Exploring the risks of liver cancer after successful treatment for hepatitis C virus


In Canada and other high-income countries, in the 1970s and ’80s hepatitis C virus (HCV), hepatitis B virus (HBV) and later HIV and other germs were sometimes transmitted via transfusion of contaminated blood and use of products derived from contaminated blood (such as clotting factors). However, thanks to screening of the blood supply, transmission of HCV, HBV and HIV via blood or blood products is virtually non-existent in Canada and similar countries today.

At present, HCV transmission most commonly occurs in Canada through the following means:

•             sharing equipment for substance use, such as needles, syringes, straws and rolled-up currency notes

•             reusing unsterile equipment for tattooing and body piercing

•             among men who have sex with men (MSM) – having unprotected anal intercourse, sharing unsterilized sex toys, and not using a new condom with each new partner

Newcomers to Canada are also at risk for complications from HCV and/or HBV if they come from regions where these viruses are relatively common, where reuse of needles may have occurred in mass vaccination campaigns, or where the blood supply has been contaminated or medical equipment may not have been sterilized.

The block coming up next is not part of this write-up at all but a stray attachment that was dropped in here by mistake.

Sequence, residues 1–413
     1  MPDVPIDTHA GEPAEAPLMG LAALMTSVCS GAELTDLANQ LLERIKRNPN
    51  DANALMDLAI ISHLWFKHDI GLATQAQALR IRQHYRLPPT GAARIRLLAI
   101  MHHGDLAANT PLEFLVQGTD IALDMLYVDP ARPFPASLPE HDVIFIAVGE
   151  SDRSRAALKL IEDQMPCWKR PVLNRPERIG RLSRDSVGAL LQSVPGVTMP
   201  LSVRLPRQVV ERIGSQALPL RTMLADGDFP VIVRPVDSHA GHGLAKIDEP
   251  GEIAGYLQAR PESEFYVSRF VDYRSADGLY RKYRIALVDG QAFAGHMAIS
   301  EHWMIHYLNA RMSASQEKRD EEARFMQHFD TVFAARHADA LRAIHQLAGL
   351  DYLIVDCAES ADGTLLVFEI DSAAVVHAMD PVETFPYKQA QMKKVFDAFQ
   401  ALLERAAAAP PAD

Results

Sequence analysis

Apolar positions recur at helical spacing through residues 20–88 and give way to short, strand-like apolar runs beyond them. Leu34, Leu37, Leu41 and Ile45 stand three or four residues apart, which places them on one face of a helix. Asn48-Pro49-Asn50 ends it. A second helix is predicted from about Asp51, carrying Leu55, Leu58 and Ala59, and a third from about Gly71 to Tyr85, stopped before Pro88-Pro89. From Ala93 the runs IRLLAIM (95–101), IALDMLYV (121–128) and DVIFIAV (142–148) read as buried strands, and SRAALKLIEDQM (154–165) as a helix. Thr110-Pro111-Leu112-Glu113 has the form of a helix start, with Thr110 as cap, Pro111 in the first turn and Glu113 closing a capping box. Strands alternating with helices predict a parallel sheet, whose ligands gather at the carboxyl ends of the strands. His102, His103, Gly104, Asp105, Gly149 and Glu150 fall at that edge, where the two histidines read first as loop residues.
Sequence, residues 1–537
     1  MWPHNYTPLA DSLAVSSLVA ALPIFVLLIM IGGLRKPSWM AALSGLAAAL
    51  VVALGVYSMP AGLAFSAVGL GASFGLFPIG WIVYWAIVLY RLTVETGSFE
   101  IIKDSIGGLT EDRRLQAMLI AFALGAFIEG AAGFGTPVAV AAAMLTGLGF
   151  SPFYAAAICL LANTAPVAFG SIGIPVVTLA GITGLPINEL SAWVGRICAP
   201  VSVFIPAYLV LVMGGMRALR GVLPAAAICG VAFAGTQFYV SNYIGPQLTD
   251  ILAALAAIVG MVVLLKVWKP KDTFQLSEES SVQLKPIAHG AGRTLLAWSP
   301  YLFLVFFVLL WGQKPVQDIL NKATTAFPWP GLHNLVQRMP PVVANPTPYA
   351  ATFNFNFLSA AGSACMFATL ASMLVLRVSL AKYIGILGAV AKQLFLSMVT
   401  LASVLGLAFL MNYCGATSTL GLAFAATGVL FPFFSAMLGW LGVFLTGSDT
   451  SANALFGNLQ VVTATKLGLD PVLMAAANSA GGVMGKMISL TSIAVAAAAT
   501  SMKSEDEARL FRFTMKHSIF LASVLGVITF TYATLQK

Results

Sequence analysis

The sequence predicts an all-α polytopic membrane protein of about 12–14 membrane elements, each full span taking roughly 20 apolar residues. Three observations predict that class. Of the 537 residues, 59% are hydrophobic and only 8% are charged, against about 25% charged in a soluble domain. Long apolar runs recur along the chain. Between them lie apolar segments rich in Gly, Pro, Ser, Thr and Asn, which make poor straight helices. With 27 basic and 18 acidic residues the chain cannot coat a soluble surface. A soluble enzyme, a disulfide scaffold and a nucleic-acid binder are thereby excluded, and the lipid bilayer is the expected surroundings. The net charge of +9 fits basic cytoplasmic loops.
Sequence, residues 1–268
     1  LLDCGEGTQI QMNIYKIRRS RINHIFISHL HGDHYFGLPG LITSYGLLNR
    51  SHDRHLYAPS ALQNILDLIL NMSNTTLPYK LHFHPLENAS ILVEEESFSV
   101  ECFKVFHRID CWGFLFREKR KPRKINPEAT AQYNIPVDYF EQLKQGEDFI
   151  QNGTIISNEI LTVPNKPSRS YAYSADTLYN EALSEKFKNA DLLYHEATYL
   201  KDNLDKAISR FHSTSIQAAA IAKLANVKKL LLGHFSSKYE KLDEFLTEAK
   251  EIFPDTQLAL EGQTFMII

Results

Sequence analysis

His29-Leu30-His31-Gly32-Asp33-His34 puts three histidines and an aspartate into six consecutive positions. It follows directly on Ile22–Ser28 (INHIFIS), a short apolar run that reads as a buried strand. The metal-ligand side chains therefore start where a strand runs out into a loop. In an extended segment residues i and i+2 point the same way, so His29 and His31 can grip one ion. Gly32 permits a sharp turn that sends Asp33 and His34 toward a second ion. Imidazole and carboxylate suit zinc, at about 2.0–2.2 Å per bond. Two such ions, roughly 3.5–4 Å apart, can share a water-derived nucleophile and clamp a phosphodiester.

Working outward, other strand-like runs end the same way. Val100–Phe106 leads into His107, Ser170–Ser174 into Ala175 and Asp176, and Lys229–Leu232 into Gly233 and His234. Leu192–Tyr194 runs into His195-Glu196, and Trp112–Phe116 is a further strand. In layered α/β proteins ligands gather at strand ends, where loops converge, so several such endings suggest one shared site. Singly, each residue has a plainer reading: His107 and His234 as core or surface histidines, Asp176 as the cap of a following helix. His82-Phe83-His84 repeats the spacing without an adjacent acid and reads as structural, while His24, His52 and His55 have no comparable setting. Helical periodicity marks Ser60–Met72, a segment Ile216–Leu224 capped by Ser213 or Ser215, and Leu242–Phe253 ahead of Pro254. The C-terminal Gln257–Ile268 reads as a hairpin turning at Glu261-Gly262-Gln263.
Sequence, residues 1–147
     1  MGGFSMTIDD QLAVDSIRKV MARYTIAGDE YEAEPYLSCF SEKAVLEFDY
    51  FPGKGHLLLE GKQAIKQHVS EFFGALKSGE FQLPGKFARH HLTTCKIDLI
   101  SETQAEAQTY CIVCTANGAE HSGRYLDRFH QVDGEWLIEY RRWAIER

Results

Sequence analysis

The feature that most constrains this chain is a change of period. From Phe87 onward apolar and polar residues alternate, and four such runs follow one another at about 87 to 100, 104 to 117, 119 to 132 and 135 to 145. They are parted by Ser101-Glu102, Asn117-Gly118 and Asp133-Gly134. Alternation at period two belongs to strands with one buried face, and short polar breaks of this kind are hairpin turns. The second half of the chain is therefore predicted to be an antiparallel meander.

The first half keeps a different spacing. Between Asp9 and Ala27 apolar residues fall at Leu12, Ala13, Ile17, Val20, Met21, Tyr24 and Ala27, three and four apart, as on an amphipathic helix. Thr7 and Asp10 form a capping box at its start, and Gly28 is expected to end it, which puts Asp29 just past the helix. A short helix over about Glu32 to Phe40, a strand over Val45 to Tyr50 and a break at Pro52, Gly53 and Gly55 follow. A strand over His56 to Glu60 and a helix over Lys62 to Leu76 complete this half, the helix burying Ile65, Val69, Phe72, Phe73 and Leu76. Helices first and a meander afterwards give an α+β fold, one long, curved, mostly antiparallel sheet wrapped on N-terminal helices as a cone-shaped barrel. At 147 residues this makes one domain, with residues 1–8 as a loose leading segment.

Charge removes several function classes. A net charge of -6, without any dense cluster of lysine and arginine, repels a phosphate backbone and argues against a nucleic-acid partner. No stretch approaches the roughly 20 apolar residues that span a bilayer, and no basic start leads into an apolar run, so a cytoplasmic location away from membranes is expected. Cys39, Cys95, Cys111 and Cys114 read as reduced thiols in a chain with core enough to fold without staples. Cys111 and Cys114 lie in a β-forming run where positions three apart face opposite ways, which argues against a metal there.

HCV infects the liver. Initially there may be no symptoms or mild symptoms of infection similar to the flu. As a result, many people may not be aware that they have HCV. Once HCV infection becomes established in the liver, it slowly degrades the functioning of this vital organ. Over time, healthy liver tissue is replaced by damaged (scarred) tissue in a process called fibrosis. Eventually, serious complications can occur, including liver failure and in some cases liver cancer. According to a recent report from the Canadian Cancer Society, while cases of many cancers are stable or declining, cases of liver cancer are on the rise. Unfortunately, there is no vaccine against HCV. For these reasons and more, it is important to get tested for hepatitis C, engage in behaviours to prevent HCV transmission, and, if infected, get care and treatment. Other ways to reduce liver cancer risk include screening for hepatitis B virus (HBV) and, if infected, getting treatment. HBV is spread in ways similar to HCV. Uninfected people can speak to their doctor about vaccination against HBV.

A key goal of treatment for HCV is to quickly suppress the amount of virus in the blood and to keep it as low as possible. Achieving and maintaining very low levels of HCV in the blood (viral load) is critical to recovery from HCV and curing this infection.

The duration of treatment for HCV depends on several factors, including the strain of HCV (called the genotype), the presence of co-infections such as HIV, and so on. However, what all approved treatment regimens have in common is that for recovery from HCV to occur, patients must have what is called a sustained virological response (SVR) for 24 weeks after treatment has ended. If the amount of HCV in the blood is not extremely low (undetectable), recovery is unlikely.

Continue Reading